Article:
A view from Mark Cripps

Marketers must solve the data paradox

Data transparency brings with it new challenges for marketers, who should steel themselves for squabbles over data and channel investment, writes Mark Cripps, the executive...

At The Economist, we’re at the forefront of using data for marketing purposes – it’s one of the root causes of our recent success in performance-related industry awards (Creative Effectiveness gold Cannes Lion, DMA Grand Prix etc).

Of course, more data in marketing is a good thing, right? The transparency it delivers will help you determine what is, and what is not, effective? Maybe but not always.

A decade ago, I advised my then client to implement tagging across all of his digital marketing. His response shocked me: "We won’t be doing that!" In answer to my incredulous "Why not?", he said: "It’ll reveal a load of new stuff that’ll need fixing and that’ll create extra work for us."

Dumbfounded back then, I now realise he was on to something. I have learnt that getting to good data is onerous to achieve, causes more work and the transparency it affords can muddy the waters.

There are well-documented challenges that can undermine the roll-out of data platforms, including issues related to cost and the incremental resource and effort needed to get clean, "un-noisy" data into systems.

These are in addition to the critical problem of ensuring the ethical use of personal data. Less well-documented are the new issues that data transparency generates and, as an industry, we need to resolve.

First, consider the internal perspective. It takes resource and effort to build, nurture and analyse data. Even when that is overcome, the ROI of this activity is not always immediate – more often than not, it’s a slow-burn exercise with extended periods of preplanning (resolving issues around data hygiene), rounds of data validation and never ending creative and media optimisation tests.

And yet there is tremendous pressure from company boards to get quick returns. That, in itself, is difficult to manage – a situation compounded by the complexity of what we’re trying to achieve.

Watching marketers try to explain structural equation modelling to an already harried C-suite audience – while entertaining – can be quite painful. There is an undoubted burden on us to simplify what is, for some, a tough conversation – a weight best shared with the likes of The Institute of Direct and Digital Marketing and other institutions.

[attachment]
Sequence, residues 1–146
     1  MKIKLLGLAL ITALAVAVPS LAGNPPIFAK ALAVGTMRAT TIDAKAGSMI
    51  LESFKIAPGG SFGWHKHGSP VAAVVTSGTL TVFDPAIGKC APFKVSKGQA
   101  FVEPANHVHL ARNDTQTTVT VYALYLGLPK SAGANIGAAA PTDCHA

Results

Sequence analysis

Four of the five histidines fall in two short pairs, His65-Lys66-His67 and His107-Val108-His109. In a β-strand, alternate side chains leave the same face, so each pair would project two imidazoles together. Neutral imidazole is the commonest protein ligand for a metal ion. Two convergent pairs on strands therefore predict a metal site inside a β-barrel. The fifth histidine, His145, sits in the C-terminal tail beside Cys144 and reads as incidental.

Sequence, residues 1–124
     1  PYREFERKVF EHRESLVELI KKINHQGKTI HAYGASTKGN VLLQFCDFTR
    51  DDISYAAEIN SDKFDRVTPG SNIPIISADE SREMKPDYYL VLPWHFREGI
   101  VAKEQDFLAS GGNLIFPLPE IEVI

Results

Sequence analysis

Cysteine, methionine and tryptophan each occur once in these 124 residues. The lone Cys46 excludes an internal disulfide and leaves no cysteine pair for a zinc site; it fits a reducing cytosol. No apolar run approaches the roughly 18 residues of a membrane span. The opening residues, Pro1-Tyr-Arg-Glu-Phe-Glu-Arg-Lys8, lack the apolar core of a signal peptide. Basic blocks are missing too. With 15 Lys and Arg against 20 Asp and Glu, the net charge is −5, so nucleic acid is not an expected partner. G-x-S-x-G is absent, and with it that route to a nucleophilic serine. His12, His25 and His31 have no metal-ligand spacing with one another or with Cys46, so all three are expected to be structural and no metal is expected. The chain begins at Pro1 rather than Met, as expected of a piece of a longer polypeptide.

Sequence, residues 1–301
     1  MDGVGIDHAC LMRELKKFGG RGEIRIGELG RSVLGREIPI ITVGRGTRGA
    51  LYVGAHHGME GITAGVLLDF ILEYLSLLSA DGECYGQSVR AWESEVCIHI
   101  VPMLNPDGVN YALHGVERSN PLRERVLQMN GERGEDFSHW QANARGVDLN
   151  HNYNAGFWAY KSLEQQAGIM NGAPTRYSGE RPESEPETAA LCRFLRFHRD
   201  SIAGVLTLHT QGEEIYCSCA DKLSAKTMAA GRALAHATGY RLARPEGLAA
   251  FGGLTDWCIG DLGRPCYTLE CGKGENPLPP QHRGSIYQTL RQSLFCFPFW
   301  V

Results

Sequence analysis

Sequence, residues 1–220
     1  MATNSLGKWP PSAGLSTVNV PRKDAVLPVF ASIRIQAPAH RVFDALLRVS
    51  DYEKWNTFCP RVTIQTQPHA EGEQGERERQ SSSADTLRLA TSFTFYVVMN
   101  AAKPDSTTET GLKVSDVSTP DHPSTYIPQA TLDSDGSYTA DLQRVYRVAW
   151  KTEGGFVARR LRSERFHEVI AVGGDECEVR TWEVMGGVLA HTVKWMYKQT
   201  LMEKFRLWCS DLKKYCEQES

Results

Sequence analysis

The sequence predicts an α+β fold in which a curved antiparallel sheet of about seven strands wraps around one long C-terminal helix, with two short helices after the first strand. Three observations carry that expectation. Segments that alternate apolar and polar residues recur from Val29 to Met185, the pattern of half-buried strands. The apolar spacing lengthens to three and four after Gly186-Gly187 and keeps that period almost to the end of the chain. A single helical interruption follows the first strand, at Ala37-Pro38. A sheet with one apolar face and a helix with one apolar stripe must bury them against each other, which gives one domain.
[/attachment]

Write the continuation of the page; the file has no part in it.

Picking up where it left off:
And then there’s the in-house political power play. He (or she) who holds the data wields the sword. The ability to make decisions about where to invest, based on what the new transparent data sets tell us, won’t always be popular. But it is powerful – so less mature organisations should steel themselves for some nasty infighting.

The squabbling over data and channel investment will extend to media networks and agencies too. An ability to run true and transparent attribution means channels currently getting credited with a majority of sales (.com, organic search etc) will get diluted in terms of contribution to the conversion journey, with their associated investment potentially at risk.

Transparency impacts the media budgets agencies and publishers receive and, for those on performance-based remuneration, it affects the amount they are paid.

A majority of today’s media efforts are managed on a last-click basis – it is universally understood and dictates how growth targets are set. However, in a transparent world, there’s a requirement to reward beyond the last click.

Conversion-journey openers, advancers and closers will be assigned appropriate weightings according to their contribution. Getting to an equitable solution that’s auditable and controllable is challenging and has the potential to increase the overall commissions paid out by the brand if not properly managed.

Improved data clarity has the ability to isolate fraudulent behaviour at a granular level – that’s partner, network, publisher or channel. You obviously don’t want to engage with any potentially rogue partners, but knowing that you’ve been ripped off for years is unpalatable and results in tough discussions (internally and externally).

Despite these challenges, the important thing is not to get overwhelmed and opt for inaction. There’s a potential muddy data tsunami approaching. It’s mostly a good thing but it’s best to ride it with your eyes open.